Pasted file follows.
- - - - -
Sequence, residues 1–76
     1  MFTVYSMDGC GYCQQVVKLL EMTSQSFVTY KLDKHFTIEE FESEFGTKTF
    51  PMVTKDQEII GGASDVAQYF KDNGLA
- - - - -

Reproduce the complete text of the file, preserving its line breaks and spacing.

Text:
Sequence, residues 1–76
     1  MFTVYSMDGC GYCQQVVKLL EMTSQSFVTY KLDKHFTIEE FESEFGTKTF
    51  PMVTKDQEII GGASDVAQYF KDNGLA